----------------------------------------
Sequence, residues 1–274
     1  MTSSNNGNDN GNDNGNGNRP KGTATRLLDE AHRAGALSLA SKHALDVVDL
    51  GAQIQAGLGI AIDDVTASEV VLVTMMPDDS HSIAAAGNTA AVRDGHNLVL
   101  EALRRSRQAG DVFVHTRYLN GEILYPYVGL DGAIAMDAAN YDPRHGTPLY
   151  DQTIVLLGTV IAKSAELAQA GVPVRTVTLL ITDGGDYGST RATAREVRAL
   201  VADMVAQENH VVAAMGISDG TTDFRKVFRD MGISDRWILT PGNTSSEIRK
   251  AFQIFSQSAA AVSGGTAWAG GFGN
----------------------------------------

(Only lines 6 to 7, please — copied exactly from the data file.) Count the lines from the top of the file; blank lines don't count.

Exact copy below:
   201  VADMVAQENH VVAAMGISDG TTDFRKVFRD MGISDRWILT PGNTSSEIRK
   251  AFQIFSQSAA AVSGGTAWAG GFGN